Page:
I’ve written about how I think about my weekend time before, so I thought it would be nice to share the weekday counterpart post.
There’s no denying that weekdays are hectic—between the stress that work can bring and commuting time, it can be challenging to feel motivated to do anything after work. Because I am really not a morning person and therefore have to do everything after work, I’ve had to think long and hard about a system that works well for me and allows me to get everything done without feeling completely wiped out. And while my current system is ever-evolving and improving, it has worked pretty well for me and I’m excited to share it!
Make Mondays count. Mondays are often dreaded—they’re the first day after the weekend and often involve a lot of work stress and catch up. My philosophy on Mondays? Look at them as a fresh start to the week and an opportunity to get organized! I like to try to use Monday to its fullest ability by getting all of my ducks in a row for the week (while listening to some really fun music, of course). For me, that usually looks like setting out my outfits for the week, setting a schedule in my planner, and meal prepping.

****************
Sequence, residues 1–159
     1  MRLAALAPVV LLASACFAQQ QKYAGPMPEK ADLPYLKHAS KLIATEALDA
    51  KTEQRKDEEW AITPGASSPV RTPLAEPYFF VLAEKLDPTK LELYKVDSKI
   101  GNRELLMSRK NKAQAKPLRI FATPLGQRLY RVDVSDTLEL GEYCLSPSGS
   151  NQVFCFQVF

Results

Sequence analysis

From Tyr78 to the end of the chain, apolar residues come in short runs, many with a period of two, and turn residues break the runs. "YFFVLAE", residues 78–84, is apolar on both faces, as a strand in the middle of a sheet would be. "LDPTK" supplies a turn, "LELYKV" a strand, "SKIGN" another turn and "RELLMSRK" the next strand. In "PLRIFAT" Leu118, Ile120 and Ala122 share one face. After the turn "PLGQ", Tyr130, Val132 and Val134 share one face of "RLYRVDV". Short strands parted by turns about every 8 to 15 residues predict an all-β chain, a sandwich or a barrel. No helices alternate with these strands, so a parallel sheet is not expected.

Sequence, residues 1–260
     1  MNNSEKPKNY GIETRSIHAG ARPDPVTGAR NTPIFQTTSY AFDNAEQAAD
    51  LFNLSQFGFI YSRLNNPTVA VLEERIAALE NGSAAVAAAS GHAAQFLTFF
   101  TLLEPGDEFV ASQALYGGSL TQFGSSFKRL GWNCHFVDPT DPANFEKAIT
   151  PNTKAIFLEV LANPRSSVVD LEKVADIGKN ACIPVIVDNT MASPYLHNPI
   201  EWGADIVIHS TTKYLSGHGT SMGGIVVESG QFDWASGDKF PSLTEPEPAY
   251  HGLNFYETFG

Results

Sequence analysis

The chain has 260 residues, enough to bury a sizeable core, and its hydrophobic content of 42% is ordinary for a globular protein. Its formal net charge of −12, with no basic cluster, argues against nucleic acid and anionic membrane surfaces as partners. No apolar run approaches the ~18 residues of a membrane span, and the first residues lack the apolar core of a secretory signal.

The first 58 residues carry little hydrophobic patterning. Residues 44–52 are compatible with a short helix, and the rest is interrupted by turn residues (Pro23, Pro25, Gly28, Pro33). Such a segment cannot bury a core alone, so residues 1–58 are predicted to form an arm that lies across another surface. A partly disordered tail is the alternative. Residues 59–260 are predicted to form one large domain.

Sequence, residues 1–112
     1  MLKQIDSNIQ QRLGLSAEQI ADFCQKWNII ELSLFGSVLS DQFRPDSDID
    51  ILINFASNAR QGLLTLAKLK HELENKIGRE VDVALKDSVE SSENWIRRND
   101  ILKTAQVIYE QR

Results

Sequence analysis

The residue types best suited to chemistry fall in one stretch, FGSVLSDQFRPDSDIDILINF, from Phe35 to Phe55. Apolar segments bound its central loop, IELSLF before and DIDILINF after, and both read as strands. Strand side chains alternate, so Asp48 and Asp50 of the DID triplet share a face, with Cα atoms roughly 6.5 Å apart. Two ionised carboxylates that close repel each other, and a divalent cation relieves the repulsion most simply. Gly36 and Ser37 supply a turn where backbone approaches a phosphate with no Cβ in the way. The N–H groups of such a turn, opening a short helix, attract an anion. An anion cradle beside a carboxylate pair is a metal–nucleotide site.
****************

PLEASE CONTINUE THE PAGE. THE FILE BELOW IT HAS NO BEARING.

Make a checklist. If you couldn’t already tell, I’m a big fan of to-do lists. I just love how they can serve as a brain dump, making it so I don’t have to worry about keeping everything straight in my head. On any given week, I’ll have different chores that need to get done, such as the usual suspects like laundry and grocery shopping, but also some standalone ones like gift shopping for a friend or getting my hair cut. By making a checklist for myself, I can easily see at a glance what needs to get done that week.
Break up the day. Going, going, going at work only to be followed by going, going, going after work is not a good combination. Instead, I personally need something to break up the day, which is where exercise comes into play for me. My gym offers tons of classes everyday but I have three that I really love, so I dedicate those days of the week to exercise classes. Breaking up the week with a physical activity helps me to stay focused, and because all of my classes end in the early evening, I can usually still tend to other to-do’s after they’re over.
Dedicate time on the weekend. When thinking about your workweek, it’s crucial to remember that not everything needs to get done in one day. In fact, not all of it even needs to get done that week. As I’ve written about before, I try to dedicate at least part of Sundays to errands and to-do’s, which makes such a difference on my mental health during the week. I’d highly recommend it!